Operation in buildings may be

1. Speculative erection.

2. Erection for investment.

3. Speculative buying and selling.

4. Alterations.

In speculative erection the operator purchases one or more lots, erects a building or buildings thereon with the expectation of being able to sell the land and buildings for sufficient to pay him a profit over and above the cost of the land and the buildings. In erection for investment the operator proceeds just as in speculative building, except that his final intent is not to sell the buildings but to retain and use them either for his own occupancy or to derive a profit from the rentals. In this phase of operation the operator ceases to act as such, as soon as the buildings are completed, and thereafter comes within the inactive or investment branch of the business.

Speculative buying and selling of buildings is similar to speculation in land. The operator either thinks he can buy the building for less than he can get for it on immediate resal or believes the price will very soon rise and he be enabled to sell at a profit.

Many operators have of late years engaged in alteratior work. An old building is purchased which, by reason of an tiquated equipment, produces little or no profit. The operato then alters and improves the building, modernizing it, so that i will produce much higher rents, and he is then in position to sell it at a profit over the original cost plus the expense of al teration.

Mortgage lending as an operation in real estate must not be confused with subdivision (4) of the Inactive Branch of the business. In the investment class the lender makes the loar and seeks his profit from the interest paid by the borrowe from time to time. As an operator the lender makes his profi on a fee which he is paid for making the loan. He has no intention of holding the mortgage, but at once sells it to an in vestor, thus releasing his capital for use again.

Under this subdivision are 1 Permanent loans.

2. Building loans.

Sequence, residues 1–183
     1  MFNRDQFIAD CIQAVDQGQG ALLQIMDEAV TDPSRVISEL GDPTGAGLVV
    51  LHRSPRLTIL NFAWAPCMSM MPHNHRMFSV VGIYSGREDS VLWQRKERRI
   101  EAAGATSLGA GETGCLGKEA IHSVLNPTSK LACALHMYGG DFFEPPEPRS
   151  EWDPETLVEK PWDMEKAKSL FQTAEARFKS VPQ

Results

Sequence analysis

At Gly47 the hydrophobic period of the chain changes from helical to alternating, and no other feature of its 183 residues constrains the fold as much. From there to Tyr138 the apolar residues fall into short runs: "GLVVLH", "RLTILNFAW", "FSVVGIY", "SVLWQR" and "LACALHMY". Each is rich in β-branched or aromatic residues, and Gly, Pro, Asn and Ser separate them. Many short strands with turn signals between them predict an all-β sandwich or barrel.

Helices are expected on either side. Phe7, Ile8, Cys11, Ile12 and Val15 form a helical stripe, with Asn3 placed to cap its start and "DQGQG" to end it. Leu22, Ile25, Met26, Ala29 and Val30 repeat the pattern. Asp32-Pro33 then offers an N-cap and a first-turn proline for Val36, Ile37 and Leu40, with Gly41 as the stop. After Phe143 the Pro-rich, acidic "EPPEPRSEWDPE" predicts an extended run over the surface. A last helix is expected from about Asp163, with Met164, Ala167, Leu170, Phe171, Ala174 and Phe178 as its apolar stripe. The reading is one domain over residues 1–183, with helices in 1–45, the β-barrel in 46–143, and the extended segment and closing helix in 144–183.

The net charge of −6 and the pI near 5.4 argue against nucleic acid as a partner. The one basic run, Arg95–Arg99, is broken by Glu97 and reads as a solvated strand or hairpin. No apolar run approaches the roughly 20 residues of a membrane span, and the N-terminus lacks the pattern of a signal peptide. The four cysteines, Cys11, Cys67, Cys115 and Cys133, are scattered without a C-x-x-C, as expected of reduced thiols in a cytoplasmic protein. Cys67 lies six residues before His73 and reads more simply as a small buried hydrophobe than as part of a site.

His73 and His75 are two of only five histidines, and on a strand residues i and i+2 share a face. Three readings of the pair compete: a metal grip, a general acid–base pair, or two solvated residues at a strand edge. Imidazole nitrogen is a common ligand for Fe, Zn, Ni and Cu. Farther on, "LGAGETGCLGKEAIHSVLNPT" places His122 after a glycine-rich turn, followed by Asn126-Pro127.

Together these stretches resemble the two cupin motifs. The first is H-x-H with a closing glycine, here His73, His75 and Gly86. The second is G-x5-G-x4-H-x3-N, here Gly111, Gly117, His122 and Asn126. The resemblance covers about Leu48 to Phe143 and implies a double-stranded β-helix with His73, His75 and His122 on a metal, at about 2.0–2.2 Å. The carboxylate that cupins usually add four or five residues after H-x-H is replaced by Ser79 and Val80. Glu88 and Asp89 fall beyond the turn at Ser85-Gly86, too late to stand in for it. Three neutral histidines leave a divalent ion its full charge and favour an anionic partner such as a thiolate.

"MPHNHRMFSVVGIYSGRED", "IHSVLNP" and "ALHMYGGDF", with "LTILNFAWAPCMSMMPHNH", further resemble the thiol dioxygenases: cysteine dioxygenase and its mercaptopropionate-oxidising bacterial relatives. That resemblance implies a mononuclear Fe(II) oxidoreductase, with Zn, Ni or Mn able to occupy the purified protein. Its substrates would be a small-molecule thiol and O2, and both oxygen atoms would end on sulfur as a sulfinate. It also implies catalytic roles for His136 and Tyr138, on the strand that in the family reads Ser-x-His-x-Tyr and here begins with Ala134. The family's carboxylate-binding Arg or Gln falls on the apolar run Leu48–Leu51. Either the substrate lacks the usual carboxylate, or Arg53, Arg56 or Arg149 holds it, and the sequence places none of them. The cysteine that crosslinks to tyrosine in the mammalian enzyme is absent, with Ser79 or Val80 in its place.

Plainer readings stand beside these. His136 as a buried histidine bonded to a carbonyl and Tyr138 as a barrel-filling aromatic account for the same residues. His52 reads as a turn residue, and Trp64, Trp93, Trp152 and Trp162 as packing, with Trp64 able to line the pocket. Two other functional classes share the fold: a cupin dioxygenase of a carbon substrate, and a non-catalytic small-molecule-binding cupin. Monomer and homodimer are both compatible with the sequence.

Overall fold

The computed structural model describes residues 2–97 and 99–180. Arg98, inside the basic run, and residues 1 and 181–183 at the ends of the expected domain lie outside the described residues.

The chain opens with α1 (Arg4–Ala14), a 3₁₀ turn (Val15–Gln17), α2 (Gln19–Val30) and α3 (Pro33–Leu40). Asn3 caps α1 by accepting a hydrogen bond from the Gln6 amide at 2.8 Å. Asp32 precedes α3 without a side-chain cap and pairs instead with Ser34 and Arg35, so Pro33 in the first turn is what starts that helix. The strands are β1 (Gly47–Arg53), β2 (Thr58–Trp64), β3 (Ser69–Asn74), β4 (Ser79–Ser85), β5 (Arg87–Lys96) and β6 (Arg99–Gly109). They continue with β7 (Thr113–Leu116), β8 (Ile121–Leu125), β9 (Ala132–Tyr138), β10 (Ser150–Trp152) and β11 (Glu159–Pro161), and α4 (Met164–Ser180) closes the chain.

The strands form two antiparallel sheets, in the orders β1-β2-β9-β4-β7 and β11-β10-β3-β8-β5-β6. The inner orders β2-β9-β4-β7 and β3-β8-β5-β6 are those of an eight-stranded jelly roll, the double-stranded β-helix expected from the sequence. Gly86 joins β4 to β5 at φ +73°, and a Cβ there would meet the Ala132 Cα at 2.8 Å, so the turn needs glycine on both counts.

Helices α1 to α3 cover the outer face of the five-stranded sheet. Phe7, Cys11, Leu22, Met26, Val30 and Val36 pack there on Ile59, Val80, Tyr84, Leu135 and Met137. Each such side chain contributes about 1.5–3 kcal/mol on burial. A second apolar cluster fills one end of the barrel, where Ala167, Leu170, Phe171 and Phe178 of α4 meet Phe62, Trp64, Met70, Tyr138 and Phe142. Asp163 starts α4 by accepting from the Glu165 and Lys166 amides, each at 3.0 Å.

3. Combination building and permanent loans.

A permanent loan is made for a definite period (usuall; three or more years) at a fixed rate of interest, upon the secur ity of a mortgage upon property, which is to remain in it present general condition - such for example as a mortgage or a building. A building loan is made, as the name implies, to supply all or part of the funds to erect a building. The loar is made under the terms of a building loan agreement which provides usually that the borrower is to erect on the property covered by the mortgage, a certain kind of building, and tha the amount of the loan is to be paid him in instalments, as the building progresses, each instalment bearing interest from the time it is paid. When the building is completed the loan i: payable to the lender, the theory being that the builder will sel the building as soon as completed, and from the proceeds of the sale repay the loan. In most instances the purchaser from the builder desires the loan to remain on the property. This has resulted in the combination building and permanent loan which is exactly the same as a building loan, except that the loan, like a permanent loan, is not payable until the expiration of a fixed period. Thus the builder is enabled to obtain funds to finance his building operation, and continue the loan for the benefit of his purchaser. (Appendix forms 54 and 55.)